Dynamic DVD

As streaming video has become more commonly available, it is now plausible to discuss offering a video interface to a website. A user could connect to a site using a video client and “navigate” on-line video content using a DVD-style user interface – video menus, highlighted on-screen buttons, fast-forward, subtitles. Alternately, such an interface could augment conventional TV broadcasts, offering a nightly news program with video hyperlinks to hours of detailed coverage of events we currently see only in sound bites.

The prospect is tantalizingly close. Anyone with a megabit Internet connection (cable or DSL) and a reasonably modern computer has a client system that can support this. Yet no Internet video clients (to my knowledge) can provide DVD-style interaction. And free software video production tools, while available, lag somewhat behind. Enough groundwork has probably been laid, though, to allow an interactive video client to be built.

Just as fifteen years ago the network provided FTP sites where users could download information piecemeal, so is the Internet’s current video offerings – a little bit here, a little bit there. Just as the World Wide Web melded the graphical user interface with a global data network, we can now contemplate melding the DVD user interface with the Internet to provide hyperlinked on-demand video.

What kind of new content could this support?

Consider, first, news service. Currently, we have traditional national and local news broadcasts, typically a half hour each in length, along with 24 hour cable news channels that basically repeat the same information over and over again, on roughly a half hour or hourly cycle. A news broadcast delivered using dynamic DVD, on the other hand, could be many hours in “length”, accessible via hyperlinks from a traditional half-hour summary. A report on the day’s political events in Washington could linked to full recordings of various speeches. Excepts from an interview could be linked to the full interview itself. A 30-second summary spot could be linked to an entire half-hour report on just that one subject. Weather reports could be hyperlinked together so that travelers could pick a city and see the local report for their destination.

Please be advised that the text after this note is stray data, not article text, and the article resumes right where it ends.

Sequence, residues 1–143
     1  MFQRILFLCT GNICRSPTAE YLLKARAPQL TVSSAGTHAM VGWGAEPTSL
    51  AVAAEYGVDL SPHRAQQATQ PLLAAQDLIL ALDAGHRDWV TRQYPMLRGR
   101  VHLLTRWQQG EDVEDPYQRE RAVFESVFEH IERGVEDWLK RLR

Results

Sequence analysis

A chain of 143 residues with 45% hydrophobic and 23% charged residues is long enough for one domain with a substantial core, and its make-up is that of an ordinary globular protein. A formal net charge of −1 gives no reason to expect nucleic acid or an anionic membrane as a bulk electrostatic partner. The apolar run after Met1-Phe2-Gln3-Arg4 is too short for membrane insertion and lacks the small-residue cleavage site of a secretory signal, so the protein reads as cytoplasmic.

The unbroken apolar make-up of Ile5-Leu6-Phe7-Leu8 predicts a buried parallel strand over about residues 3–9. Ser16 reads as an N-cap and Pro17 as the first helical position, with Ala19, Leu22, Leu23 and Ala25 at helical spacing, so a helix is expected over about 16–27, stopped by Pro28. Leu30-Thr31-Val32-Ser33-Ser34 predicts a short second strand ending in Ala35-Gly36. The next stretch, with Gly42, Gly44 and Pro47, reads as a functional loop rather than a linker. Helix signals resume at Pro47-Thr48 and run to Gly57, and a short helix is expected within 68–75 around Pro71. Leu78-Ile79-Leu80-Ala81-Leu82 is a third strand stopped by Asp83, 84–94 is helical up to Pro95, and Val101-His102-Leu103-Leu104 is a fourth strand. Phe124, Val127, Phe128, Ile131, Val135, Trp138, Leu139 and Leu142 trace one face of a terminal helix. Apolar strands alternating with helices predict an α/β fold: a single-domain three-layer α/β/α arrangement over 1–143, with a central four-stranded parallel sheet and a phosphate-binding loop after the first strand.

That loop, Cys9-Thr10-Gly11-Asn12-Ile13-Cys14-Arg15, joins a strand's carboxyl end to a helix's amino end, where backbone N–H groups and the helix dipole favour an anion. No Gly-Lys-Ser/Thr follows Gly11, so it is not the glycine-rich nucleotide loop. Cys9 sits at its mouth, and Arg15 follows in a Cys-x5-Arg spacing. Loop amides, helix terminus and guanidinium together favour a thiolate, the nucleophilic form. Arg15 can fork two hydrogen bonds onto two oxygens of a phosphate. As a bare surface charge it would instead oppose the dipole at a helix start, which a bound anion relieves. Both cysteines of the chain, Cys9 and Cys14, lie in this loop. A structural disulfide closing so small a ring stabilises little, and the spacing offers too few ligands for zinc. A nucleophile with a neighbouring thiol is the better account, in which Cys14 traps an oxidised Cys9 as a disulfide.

Sporting events could be delivered using DVD’s largely overlooked ‘angle’ feature, which allows viewers to pick from one of up to nine different simultaneous video feeds, allowing viewer selection different camera angles on the event. Highlight footage to link into a recorded history of the entire game, and several different highlights could be made available for each game

And, of course, conventional DVDs could be delivered in this format.

Could the Internet actually delivery the performance needed to make such a system widely deployable? Unfortunately, the current answer is probably “no”. As I have discussed on this blog, caching and multicast are two critical technologies that the contemporary Internet is unable to support for fundamental technical reasons. Without caching and multicast, a video web could only work the way the World Wide Web works – by requiring each server to transmit the same data over and over again. With text and graphics, this is a nuisance. With video, it will probably be a show stopper.

A stopgap solution might be available by providing digital multicast feeds via cable TV. This would be a hybrid of conventional cable video broadcasts and cable Internet service. Using the same basic technology of cable Internet and 10-BROAD-36, a cable provider could broadcast one or more transmit-only digital channels (similar to HDTV). The difference would be that the digital signal would be in some kind of yet unspecified dynamic DVD format that would contain navigation information and be cached onto a set-top box.

What would be required to view dynamic DVD? Certainly a computer would work, but you could probably just build a DVD player with a built-in hard drive. Of course, a DVD player basically is a computer, so maybe the distinction isn’t that great. Instead of a computer that comes with a keyboard and a monitor, you could just build a computer with a standard TV video output and remote control input. In fact, I think I would favor this approach just for reasons of standardization.

So, using either the Internet or a enhanced digital cable TV feed, we could build either a Video Web, or at least provide a far superior NBC Nightly News.

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